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Reginald McKnight

Reginald McKnight is an American short story author and novelist.

McKnight was born 26 February 1956 in Fürstenfeldbruck, Germany to an Air Force family; therefore, he moved around a lot in childhood, although he calls Colorado home. He earned degrees from Pikes Peak Community College (A.A.), Colorado College (B.A.) and University of Denver (M.A.); he is also Phi Beta Kappa and received an honorary doctorate from Colorado College.

As a teacher, McKnight has been a professor of English at the University of Maryland, College Park, Carnegie Mellon University, and the University of Michigan, Ann Arbor. He also taught at the University of Pittsburgh, but left when he learned that other faculty told racist jokes about blacks when he wasn't in their presence. As of 2002, he is the Hamilton Holmes Professor of English at the University of Georgia in Athens; he was also the first person to hold that position.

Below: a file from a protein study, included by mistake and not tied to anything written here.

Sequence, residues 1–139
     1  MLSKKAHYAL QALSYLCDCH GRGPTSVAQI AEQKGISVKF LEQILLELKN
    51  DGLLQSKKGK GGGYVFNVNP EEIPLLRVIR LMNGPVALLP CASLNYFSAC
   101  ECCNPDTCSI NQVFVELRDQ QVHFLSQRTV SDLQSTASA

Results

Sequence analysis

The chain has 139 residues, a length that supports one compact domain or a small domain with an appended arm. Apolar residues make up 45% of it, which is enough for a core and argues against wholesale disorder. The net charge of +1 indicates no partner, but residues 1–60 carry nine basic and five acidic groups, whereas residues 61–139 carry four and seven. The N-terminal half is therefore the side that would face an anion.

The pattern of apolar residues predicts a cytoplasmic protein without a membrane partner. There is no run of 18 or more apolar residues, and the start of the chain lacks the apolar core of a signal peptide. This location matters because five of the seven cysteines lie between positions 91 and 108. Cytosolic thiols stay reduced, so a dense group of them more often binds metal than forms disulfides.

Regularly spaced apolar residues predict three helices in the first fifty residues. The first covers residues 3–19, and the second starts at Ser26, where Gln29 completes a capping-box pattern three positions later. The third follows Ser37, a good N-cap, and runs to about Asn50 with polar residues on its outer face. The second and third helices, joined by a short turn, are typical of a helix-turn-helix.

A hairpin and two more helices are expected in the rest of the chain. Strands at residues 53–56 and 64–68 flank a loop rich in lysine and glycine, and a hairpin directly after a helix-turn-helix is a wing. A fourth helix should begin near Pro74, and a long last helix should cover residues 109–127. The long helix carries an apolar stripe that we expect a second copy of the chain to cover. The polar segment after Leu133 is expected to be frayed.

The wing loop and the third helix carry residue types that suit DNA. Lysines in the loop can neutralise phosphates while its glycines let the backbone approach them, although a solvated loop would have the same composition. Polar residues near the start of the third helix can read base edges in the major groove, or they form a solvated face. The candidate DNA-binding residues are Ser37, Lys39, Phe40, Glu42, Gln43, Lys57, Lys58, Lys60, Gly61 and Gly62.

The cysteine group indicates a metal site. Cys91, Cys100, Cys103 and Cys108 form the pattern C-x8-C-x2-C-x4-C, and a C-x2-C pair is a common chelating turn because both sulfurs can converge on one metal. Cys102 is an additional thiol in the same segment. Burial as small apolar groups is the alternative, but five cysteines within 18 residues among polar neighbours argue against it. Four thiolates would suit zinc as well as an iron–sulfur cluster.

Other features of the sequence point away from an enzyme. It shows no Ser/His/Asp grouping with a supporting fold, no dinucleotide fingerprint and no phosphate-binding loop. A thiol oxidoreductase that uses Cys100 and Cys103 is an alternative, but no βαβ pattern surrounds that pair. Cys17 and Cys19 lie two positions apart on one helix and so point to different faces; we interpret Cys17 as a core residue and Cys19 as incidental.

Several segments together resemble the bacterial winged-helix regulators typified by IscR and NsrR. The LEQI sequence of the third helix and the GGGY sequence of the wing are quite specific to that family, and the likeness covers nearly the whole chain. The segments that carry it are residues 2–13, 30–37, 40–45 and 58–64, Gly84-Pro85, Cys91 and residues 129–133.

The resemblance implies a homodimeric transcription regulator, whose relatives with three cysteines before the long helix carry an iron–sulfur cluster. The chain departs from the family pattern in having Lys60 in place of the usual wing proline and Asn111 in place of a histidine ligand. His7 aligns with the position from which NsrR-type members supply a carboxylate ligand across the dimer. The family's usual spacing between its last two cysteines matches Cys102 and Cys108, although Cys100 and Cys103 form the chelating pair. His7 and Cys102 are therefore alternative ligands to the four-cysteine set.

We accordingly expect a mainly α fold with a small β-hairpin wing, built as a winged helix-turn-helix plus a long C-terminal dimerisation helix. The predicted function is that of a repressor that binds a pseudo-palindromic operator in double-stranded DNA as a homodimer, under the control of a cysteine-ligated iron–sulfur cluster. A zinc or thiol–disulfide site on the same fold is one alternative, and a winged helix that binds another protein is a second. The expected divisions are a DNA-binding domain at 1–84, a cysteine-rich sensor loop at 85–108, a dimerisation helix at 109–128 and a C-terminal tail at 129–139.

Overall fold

McKnight has had two extended stays in Africa, teaching English in Dakar, Senegal from 1981 to 1982, and another in 1985 as part of a Thomas J. Watson Fellowship. He says that "he didn't truly consider himself a writer until he went to Africa", partly because that he was writing intensely for several hours a day while he was there, and also because, as he states, "when I left that place I had done something to myself in a really profound way--imprinted myself with the written word in ways that I hadn't prior to that". He also states that after a few weeks there, he became more aware of what he calls his "Africanness" by recognizing the same cadences in the voices of Senegalese women that he knew listening to his mother and his aunts growing up.